There are several advantages for industrial development in coastal area such as easy access to port, lower land cost, convenient transport of raw materials, and the availability of large amount of cooling water. In response to the rapid development of industry and growing land demands during the 1980s, Taiwan’s Industry development Bureau (IDB) has constructed Yunlin Offshore Industrial Park (YOIP). This largest industrial park in Taiwan highlights the country’s aggressive expansion of her coastal territory and land reclamation policy. Although reclamation projects provide valuable land, they also create various engineering, environmental, socioeconomic, and ecological problems in coastal areas.
Zhao, Xiaodong (School of Electromechanical Engineering, Zhejiang Ocean University Zhoushan, Zhejiang, China) | Yang, Jie (School of Electromechanical Engineering, Zhejiang Ocean University Zhoushan, Zhejiang, China) | Fan, Xiqiu (School of Electromechanical Engineering, Zhejiang Ocean University Zhoushan, Zhejiang, China) | Duan, Jizhou (Institute of Oceanology, Chinese Academy of Sciences Qingdao, Shandong, China)
In the presence of sulfate-reducing bacteria(SRB), hematite(α-Fe2O3) dissolution is affected potentially by a combination of enzymatic (hydrogenase) reduction with hydrogen sulfide oxidation. As a consequence, ferrous ions are free to react with excess H2S to form insoluble iron sulfides. Morphology of single crystalline hematite cubes, prepared by a hydrothermal synthesis at 130°C from a solution of urotropine ((CH2)N4) and ferric chloride, and its metamorphosis to iron sulfides in SRB-containing medium are observed by transmission electron microscopy in the present study. Iron oxide hydrate (Fe2O3·H2O) and the γ-FeOOH form of hydrated ferric oxide are the primary forms of corrosion product. Two typical morphologies of iron sulfides, globule and plate, are observed after immersion of about a month. The morphological changes of the corrosion product are interpreted from analyses made using energy dispersive spectroscopy (EDS) and the spectra confirm that the plates and the globules are different morphologies of the same chemical species, iron sulphide product. Electron diffraction identifies the presence of a hexagonal structure associated with observed crystallites, indicating the identification of the iron sulfide phase as pyrrhotite.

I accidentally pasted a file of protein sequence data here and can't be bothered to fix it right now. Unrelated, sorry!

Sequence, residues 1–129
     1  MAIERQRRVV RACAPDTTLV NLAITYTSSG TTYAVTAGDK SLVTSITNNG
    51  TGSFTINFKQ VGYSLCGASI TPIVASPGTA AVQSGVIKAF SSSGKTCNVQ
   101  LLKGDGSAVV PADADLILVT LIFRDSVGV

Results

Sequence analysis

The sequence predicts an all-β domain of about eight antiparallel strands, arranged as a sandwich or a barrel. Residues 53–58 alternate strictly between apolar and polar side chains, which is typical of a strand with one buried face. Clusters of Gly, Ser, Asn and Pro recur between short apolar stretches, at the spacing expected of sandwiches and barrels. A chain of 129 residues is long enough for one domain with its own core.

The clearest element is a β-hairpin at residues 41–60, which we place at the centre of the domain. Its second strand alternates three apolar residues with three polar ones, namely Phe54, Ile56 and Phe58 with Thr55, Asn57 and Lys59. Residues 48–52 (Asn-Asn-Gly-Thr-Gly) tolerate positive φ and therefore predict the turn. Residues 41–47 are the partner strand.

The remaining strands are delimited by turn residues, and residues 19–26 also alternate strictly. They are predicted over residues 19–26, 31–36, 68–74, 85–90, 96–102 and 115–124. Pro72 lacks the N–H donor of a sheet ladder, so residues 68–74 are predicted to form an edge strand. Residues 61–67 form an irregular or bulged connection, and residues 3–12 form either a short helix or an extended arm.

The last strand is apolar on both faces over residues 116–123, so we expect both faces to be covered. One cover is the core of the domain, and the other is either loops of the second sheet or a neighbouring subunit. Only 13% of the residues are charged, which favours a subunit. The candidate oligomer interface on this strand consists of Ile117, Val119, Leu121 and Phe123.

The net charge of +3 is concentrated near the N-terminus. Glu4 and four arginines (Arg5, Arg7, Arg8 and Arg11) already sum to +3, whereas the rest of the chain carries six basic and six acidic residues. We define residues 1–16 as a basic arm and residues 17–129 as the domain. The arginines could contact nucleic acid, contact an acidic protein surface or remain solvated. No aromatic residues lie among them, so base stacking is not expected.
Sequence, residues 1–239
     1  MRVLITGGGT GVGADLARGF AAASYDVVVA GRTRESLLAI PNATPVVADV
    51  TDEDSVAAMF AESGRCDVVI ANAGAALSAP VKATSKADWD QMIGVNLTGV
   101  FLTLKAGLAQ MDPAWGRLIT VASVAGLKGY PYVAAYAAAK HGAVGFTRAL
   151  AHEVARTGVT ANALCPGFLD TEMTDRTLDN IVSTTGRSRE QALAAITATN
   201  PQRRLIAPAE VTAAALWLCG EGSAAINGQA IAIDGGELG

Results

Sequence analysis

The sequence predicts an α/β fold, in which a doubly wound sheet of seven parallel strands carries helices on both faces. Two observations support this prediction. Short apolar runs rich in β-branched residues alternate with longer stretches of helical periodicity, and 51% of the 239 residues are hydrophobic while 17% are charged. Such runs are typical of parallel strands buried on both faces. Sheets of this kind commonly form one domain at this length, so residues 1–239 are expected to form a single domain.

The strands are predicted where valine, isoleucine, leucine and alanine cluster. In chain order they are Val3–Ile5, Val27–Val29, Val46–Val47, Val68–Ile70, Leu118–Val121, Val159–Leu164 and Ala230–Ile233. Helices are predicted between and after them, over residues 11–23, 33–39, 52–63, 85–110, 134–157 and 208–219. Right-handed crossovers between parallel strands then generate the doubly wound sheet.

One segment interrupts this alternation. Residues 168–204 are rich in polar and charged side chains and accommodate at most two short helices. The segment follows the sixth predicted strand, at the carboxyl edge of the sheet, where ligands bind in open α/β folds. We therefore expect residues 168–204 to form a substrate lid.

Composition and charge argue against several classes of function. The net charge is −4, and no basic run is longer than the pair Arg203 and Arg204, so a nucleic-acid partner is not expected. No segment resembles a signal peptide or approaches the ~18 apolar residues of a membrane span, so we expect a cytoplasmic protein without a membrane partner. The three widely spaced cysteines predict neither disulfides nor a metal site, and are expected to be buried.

Sulfate-reducing bacteria, belonging to anaerobe, exist widely in the polluted seawater and sea mud. SO42- can be reduced to S2- by their metabolic activities, and H2S formed in aqueous solution results in the corrosion damage of metal pipelines and constructions, as well as pollution of environment. Comprehensive research has been carried out in terms of microbiologically influenced corrosion (MIC) of carbon steel and low alloy steel in environment containing SRB(Tiller,1983). Iron oxide occurs with the formation of ferrous sulfide or before it in the primary stage of the corrosion process. Iron oxide should be responsible for the emergence and development of MIC, which haven’t been well investigated yet. In the environment abundant in sulfide, metal oxide may react with sulfide as the resource of metal ions.